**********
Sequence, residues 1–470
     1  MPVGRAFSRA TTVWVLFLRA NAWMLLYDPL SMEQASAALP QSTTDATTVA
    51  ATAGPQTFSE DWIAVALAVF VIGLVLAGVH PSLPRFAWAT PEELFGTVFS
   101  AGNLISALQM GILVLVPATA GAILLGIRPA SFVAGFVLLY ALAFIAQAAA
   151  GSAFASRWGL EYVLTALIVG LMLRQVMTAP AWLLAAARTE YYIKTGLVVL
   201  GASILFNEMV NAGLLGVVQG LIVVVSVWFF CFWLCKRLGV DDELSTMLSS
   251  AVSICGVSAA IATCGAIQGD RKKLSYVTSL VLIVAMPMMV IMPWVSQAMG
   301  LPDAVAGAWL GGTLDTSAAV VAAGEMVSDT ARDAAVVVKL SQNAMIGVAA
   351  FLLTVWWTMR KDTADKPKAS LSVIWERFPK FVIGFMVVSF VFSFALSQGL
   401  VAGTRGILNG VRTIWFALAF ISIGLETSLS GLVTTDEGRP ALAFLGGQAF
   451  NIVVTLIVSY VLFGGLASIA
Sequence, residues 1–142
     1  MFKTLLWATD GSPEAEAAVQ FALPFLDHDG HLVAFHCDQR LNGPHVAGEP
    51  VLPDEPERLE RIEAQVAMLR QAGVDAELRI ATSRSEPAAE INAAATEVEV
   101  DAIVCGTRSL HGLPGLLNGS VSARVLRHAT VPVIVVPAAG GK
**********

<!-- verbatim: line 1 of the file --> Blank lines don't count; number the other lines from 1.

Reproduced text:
Sequence, residues 1–470